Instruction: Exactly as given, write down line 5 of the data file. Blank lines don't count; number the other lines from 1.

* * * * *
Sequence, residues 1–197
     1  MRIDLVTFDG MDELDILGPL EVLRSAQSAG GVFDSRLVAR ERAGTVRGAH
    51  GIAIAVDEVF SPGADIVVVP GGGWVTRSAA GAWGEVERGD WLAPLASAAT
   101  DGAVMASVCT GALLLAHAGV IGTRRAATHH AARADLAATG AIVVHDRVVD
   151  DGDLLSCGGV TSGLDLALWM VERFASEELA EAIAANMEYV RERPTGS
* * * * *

   151  DGDLLSCGGV TSGLDLALWM VERFASEELA EAIAANMEYV RERPTGS